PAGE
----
President Obama’s February 2009 stimulus bill, the American Recovery and Reinvestment Act, was a political disaster. It helped fuel the Republican revival of 2010 and now stars in Mitt Romney’s ads. The president even stopped uttering the word “stimulus.” But the $787 billion bill was one of the most important and least understood pieces of legislation in modern history. It was the purest distillation of what Obama meant by change, transforming our approaches to energy, education, health care, transportation and the economy, promoting long-term reinvestment as well as short-term recovery. Just about everything Americans think they know about it is wrong. Here are a few examples.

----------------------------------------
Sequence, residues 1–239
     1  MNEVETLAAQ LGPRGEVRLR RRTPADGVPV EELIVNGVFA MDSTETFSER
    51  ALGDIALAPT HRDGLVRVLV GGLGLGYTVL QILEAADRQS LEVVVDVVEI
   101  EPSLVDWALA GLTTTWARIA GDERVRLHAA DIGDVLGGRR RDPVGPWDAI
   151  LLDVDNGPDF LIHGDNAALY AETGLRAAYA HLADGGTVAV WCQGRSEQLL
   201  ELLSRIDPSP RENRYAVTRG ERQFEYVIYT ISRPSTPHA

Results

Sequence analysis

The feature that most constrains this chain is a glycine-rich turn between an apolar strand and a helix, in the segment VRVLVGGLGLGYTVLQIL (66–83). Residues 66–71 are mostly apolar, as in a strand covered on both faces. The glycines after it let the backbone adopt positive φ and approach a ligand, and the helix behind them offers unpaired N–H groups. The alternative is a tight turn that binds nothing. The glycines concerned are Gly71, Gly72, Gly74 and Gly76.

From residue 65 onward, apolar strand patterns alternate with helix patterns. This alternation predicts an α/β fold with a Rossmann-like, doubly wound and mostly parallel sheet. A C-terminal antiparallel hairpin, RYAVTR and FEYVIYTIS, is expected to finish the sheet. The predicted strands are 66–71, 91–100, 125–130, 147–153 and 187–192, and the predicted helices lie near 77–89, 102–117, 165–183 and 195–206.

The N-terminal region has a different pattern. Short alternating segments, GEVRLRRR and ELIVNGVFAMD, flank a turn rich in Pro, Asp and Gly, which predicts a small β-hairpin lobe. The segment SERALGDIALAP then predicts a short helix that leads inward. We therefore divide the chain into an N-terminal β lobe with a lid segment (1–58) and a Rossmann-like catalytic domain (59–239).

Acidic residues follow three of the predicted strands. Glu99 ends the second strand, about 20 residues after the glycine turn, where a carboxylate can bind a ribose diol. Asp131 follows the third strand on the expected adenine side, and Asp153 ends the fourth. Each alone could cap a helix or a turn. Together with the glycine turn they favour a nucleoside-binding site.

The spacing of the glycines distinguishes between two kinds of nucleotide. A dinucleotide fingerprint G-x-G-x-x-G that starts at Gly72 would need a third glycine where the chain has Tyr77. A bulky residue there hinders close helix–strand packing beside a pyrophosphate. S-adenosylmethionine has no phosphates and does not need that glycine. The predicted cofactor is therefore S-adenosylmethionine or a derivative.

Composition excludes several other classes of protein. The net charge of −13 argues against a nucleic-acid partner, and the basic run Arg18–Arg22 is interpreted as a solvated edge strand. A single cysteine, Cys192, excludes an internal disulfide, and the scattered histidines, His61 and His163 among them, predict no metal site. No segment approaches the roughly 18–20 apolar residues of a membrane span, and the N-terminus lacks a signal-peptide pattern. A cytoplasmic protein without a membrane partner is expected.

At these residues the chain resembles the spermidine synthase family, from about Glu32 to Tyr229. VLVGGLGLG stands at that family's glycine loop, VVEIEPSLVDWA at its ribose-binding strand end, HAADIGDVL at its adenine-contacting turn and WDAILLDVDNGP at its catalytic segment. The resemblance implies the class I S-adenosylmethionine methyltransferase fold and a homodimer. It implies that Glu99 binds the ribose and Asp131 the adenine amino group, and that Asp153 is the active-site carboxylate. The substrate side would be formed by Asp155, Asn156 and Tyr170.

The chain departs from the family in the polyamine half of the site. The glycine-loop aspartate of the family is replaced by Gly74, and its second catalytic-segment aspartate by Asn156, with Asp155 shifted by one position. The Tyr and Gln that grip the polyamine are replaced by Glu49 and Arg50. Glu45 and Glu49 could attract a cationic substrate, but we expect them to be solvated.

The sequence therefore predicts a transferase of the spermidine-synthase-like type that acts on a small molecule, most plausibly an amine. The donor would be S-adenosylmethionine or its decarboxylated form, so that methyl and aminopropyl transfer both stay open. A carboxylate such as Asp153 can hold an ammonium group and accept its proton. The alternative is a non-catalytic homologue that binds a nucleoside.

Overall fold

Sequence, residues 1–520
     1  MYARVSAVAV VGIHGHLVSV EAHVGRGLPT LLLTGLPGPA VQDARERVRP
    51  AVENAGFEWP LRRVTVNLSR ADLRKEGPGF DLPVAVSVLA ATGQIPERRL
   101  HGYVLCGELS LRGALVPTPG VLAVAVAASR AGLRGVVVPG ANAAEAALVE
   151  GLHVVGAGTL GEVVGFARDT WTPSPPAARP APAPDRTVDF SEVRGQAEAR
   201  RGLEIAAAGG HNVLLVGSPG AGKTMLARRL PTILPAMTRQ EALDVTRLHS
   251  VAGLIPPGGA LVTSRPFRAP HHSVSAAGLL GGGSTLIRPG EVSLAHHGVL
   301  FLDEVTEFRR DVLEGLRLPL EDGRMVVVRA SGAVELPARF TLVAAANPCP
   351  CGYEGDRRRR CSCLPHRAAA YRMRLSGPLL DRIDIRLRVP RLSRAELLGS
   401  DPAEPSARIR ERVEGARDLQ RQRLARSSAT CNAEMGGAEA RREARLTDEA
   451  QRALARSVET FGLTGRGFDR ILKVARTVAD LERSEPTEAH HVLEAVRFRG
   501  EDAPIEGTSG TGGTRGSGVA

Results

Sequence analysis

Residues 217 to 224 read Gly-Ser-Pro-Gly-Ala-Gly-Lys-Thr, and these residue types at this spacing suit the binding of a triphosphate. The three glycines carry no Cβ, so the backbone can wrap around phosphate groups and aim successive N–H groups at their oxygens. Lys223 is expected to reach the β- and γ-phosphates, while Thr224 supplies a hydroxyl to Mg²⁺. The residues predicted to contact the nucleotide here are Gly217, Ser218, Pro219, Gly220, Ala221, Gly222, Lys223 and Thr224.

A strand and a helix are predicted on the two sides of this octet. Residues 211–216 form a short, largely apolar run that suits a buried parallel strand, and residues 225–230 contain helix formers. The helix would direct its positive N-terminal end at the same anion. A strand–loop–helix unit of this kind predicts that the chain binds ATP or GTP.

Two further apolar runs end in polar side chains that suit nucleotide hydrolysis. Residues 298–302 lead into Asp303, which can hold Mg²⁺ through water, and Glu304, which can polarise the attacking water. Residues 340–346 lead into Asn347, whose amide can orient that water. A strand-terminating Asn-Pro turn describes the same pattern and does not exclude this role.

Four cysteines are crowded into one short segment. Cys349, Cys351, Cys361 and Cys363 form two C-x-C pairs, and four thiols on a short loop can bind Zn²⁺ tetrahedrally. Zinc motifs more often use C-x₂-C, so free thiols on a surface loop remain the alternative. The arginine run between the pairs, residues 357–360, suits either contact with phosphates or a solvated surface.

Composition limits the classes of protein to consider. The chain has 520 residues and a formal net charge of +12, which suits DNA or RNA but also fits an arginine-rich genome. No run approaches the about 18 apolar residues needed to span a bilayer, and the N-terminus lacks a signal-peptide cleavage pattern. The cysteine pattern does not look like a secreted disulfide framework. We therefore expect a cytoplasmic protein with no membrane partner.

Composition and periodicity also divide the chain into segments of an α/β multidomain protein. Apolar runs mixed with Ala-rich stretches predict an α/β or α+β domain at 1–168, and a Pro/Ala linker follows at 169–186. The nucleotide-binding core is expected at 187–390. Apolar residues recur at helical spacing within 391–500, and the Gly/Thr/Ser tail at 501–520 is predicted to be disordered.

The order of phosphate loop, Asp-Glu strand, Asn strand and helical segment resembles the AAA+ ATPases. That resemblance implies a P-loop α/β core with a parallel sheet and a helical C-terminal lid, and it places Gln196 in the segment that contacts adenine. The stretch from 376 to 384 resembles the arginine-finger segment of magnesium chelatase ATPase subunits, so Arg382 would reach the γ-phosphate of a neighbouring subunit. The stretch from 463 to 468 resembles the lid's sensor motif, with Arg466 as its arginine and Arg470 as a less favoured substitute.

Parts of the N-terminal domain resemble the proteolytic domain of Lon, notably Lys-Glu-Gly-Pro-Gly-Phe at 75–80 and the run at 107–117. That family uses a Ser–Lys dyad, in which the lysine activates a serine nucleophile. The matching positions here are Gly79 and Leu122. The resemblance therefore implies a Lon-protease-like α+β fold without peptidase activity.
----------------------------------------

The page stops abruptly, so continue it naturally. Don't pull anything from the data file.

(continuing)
1. The stimulus didn’t create jobs.
A year after Obama signed the bill, the percentage of the public that believed it had created jobs was lower than the percentage that believed Elvis was alive. But at its peak, the Recovery Act directly employed more than 700,000 Americans on construction projects, research grants and other contracts. That number doesn’t include the jobs saved or created through its unemployment benefits, food stamps and other aid to struggling families likely to spend it; its fiscal relief for cash-strapped state governments; or its tax cuts for more than 95 percent of workers. Top economic forecasters estimate that the stimulus produced about 2.5 million jobs and added between 2.1 percent and 3.8 percent to our gross domestic product.